Starting Seeds Indoors

Starting Seeds Indoors

seed1How to Start Seed for the Best Production

The Home Garden Seed Association has these tips on how to start seed for the best production in your garden this coming growing season.

 

1. Use quality seed. Old seed won’t perform as well as fresh seed. Ask yourself these questions: Were the seeds stored incorrectly with regard to temperature and moisture protection? Are the seeds more than two years old? Do you know the origin of the seeds? Old seed won’t grow as well as fresh seed. Make sure you’re starting with the best possible seeds for the most productive garden.

seed22. Maximize light. Adequate light is necessary for strong seedling growth whether it’s supplied by natural light or grow lights. (Check out this link for a bit of mythbusting about grow lights.)

Myth or truth: Grow lights are necessary to start seeds indoors? Adequate lighting is key whether it’s natural light or artificial.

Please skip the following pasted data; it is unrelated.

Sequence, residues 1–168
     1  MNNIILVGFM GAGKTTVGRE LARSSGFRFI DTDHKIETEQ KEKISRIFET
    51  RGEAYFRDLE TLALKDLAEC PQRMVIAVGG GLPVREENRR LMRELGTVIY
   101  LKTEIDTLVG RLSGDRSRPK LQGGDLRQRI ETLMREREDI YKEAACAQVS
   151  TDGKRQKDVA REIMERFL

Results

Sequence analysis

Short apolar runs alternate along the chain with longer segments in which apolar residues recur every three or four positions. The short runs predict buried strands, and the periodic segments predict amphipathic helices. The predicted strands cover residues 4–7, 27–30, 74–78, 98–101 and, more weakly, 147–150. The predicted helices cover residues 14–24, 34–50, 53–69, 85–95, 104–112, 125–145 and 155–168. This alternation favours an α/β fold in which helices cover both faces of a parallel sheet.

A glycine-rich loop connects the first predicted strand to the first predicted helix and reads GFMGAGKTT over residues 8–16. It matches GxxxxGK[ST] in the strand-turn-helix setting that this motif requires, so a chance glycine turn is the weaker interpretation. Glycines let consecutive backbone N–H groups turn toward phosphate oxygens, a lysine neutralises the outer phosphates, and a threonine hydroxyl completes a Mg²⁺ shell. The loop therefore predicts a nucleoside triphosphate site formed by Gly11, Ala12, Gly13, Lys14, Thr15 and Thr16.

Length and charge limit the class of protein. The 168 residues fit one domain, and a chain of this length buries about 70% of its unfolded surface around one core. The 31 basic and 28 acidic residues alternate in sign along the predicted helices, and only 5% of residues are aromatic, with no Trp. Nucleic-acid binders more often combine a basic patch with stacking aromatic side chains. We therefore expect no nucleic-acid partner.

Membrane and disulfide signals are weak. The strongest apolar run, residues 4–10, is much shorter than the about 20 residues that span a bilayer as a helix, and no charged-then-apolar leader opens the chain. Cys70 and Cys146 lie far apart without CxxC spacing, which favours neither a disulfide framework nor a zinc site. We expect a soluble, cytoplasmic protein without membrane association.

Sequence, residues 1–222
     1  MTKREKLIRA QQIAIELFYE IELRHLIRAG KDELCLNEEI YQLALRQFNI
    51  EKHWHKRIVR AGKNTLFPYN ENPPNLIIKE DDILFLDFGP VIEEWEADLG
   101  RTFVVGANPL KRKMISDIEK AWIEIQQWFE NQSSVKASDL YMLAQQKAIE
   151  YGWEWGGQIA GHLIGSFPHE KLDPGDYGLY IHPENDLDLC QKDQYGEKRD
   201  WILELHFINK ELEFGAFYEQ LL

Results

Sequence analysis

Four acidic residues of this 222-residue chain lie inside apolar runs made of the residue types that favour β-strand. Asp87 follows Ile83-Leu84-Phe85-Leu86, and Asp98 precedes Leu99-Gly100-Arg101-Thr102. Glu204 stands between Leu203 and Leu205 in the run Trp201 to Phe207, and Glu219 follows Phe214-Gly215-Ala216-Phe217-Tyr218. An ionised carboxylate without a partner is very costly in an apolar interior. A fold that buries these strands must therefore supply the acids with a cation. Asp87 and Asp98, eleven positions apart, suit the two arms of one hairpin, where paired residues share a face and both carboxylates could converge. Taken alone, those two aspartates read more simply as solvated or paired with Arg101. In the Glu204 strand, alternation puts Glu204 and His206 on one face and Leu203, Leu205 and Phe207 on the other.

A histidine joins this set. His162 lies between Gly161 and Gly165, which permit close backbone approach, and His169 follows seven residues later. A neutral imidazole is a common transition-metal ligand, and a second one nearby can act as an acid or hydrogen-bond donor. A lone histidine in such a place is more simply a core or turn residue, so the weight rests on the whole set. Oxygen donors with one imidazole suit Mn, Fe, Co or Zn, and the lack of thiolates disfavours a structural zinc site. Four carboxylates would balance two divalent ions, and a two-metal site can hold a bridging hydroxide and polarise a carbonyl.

3. Start seed at the right time. Starting seed too early can result in weak and spindly plants. Determine seed start dates by using information on seed packets which usually indicate timing based on last frost dates.

Best Seeds to Start Indoors

The Home Garden Seed Association recommends these plants to start indoors:

Edibles: Broccoli, Brussels Sprout, Cabbage, Cauliflower, Eggplant, Onions, Peppers, Tomatoes, and various herbs

Where to Place Indoor Seedlings

A south- or west-facing window will provide adequate light, assuming you wait until the longer days of April to begin planting. A sun porch might work if you pay attention to the fluctuation of temperatures and add some warmth on frosty nights. If you’re starting seed in a cool indoor area consider a heat mat under the seedling tray to achieve optimum temperature to assist with germination. Remember to remove the heat mat once seedlings have sprouted.

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